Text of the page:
News - April 26, 2017

Message from the US: March for Science

Liza van Kapel

WUR student Liza van Kapel is staying at the prestigious Cornell University in the USA until the summer. Last weekend, she joined the March for Science in Washington D.C. and wrote this piece for Resource.

Photo: Liza van Kapel

Thousands of excited people, bag checks at the entrance, loud rock music and a muddy grass field: at first glance, the March for Science in Washington looks very like your average pop music festival. But the crowds that are gathering here have a very specific aim: to convince the world of the importance of science.

A lot of the participants find their way to the main stage, where various people are making speeches. You can feel and hear the public’s enthusiasm. Those who don’t feel inclined to hang around the stage brush up their knowledge at the so-called teach ins. And for most people, simply keeping warm seems to be the main concern.

After a lot of shivering, the crowd eventually starts to move. Accompanied by lively jazz music, the site gradually empties. At first, the procession keeps stopping and starting for no apparent reason. Some people have recent memories of the womens' march, which was so packed that marching was virtually impossible. But things soon get moving.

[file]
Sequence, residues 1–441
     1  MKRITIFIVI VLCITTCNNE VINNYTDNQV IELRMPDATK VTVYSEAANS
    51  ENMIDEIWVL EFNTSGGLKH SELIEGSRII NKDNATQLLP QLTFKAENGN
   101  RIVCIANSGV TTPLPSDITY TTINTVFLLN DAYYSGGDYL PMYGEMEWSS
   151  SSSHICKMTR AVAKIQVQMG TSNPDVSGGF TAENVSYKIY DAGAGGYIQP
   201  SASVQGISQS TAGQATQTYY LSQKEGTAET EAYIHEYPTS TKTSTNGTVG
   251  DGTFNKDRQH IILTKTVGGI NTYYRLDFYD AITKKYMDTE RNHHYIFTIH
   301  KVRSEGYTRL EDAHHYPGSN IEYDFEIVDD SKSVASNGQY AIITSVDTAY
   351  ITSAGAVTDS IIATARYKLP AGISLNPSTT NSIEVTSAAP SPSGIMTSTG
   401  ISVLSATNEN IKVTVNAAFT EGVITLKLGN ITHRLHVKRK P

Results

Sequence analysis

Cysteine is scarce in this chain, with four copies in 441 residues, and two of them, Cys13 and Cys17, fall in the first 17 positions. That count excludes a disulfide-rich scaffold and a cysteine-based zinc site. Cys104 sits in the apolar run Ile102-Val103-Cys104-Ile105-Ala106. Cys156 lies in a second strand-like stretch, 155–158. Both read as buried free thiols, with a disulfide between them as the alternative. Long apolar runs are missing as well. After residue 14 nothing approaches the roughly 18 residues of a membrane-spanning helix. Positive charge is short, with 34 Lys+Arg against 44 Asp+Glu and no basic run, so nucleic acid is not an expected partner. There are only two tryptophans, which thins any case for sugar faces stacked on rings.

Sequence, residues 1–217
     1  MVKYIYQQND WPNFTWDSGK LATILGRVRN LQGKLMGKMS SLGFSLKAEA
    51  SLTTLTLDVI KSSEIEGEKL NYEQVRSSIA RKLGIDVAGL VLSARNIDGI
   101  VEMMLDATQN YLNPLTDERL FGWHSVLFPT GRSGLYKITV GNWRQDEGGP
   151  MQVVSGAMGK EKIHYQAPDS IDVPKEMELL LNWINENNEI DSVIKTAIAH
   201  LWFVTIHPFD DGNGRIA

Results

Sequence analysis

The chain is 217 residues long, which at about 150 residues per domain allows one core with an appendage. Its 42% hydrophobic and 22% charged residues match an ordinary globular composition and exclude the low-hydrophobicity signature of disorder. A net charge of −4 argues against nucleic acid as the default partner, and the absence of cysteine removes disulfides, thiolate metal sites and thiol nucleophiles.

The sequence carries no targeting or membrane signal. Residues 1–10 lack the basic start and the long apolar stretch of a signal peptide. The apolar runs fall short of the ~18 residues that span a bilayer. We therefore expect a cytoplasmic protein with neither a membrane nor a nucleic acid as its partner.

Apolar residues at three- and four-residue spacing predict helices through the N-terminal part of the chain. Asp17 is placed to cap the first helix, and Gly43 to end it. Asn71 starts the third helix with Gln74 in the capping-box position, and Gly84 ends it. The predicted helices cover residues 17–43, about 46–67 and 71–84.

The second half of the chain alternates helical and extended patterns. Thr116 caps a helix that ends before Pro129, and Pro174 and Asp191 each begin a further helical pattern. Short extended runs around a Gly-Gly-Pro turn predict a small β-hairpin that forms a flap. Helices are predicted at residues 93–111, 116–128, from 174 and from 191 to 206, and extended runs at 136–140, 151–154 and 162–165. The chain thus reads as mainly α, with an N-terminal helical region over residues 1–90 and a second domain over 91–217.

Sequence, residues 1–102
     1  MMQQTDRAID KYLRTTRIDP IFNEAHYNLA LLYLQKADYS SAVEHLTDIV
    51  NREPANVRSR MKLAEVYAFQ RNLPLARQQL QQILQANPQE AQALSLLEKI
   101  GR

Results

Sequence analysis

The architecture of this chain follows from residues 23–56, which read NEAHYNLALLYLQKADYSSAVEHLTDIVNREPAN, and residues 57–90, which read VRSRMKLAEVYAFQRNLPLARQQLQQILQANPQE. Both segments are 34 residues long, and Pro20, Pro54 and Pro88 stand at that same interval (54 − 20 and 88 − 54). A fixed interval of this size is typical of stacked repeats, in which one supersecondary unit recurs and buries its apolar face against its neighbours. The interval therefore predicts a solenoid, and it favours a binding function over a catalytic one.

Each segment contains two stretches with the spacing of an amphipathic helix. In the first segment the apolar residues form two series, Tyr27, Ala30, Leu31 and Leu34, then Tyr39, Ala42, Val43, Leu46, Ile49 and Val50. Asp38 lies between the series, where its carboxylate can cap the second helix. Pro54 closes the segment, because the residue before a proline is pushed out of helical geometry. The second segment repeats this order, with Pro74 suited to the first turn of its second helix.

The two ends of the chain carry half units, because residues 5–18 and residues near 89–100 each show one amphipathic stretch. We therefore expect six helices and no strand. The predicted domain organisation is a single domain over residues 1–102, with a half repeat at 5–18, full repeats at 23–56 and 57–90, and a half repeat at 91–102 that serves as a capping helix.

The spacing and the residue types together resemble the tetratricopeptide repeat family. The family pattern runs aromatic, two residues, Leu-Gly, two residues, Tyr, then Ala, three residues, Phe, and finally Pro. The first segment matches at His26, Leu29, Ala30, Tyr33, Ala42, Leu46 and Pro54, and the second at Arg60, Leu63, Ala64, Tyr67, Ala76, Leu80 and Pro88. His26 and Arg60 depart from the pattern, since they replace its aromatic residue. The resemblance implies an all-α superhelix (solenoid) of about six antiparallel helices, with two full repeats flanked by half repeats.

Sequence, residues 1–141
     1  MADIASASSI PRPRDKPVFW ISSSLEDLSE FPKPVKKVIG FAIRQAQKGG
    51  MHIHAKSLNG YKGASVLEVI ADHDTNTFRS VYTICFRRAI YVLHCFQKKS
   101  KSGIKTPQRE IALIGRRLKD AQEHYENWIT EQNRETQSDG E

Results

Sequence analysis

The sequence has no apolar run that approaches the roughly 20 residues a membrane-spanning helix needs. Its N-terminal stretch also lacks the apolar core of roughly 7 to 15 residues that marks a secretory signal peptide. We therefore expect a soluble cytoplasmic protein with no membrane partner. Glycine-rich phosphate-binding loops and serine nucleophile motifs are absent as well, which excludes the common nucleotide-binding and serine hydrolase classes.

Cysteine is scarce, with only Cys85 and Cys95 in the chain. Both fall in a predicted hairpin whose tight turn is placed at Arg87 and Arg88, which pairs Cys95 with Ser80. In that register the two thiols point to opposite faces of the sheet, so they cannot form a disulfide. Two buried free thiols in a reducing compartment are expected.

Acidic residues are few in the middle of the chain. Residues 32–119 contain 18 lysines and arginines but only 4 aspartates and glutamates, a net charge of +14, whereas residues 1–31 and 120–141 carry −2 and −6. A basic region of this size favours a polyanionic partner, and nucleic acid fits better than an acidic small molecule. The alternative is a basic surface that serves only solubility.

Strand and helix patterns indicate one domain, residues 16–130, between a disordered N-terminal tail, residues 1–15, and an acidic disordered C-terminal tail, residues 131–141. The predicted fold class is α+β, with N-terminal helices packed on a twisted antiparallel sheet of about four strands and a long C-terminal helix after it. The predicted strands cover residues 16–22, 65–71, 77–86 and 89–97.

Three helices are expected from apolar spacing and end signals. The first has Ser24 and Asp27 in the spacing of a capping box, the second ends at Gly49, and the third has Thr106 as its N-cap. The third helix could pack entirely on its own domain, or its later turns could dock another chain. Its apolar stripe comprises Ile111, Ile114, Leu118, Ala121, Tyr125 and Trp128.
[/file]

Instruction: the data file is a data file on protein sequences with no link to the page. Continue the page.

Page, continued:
The group is very diverse. In addition to scientists, a lot of children have joined. There’s a sea of umbrellas and signs of every shape and size. From climate slogans to anti-Trump statements.

The texts 'I’m with her' (featuring a picture of planet Earth) and 'Science no silence' are very popular, as are slogans written in chemical elements,. The march is both exuberant and demure. Everyone is clearly keen and yet the mood is peaceable. Having said that, you hear more and more cheers passing through the crowd like waves. The chanting also increases: from 'Science saves lives', to 'There is no planet B' and the favourite: 'What do we want? Evidence based science!' 'When do we want it? After peer review.'

Applause and booing
Cheering and applause can be clearly heard as the crowd passes the EPA (Environmental Protection Agency) building. In contrast, there’s a lot of booing when an anti-abortion campaigner at the side of the road calls for a stop to scientific progress. This is the only negative voice to be heard: most of the people who stop to watch the march shout encouragement, often holding up their own signs.

As the procession reaches the Capitol, the seat of the US Congress, the crowd disperses quite quickly. This is because a final speech hasn’t been planned. A group of people want to finish the march by walking right up to the Capitol itself, but are stopped halfway by a policeman: 'No signs past the stairs'. They politely put down their signs, but the ban that has been issued is soon turned into a chant: 'No science past the stairs'. A fellow-police officer is seen trying not to laugh.

The streets are re-opened one by one, after the last protesters arrive. A group of fanatic anti-Trump supporters are still making speeches, but most people are too cold to hang around any longer.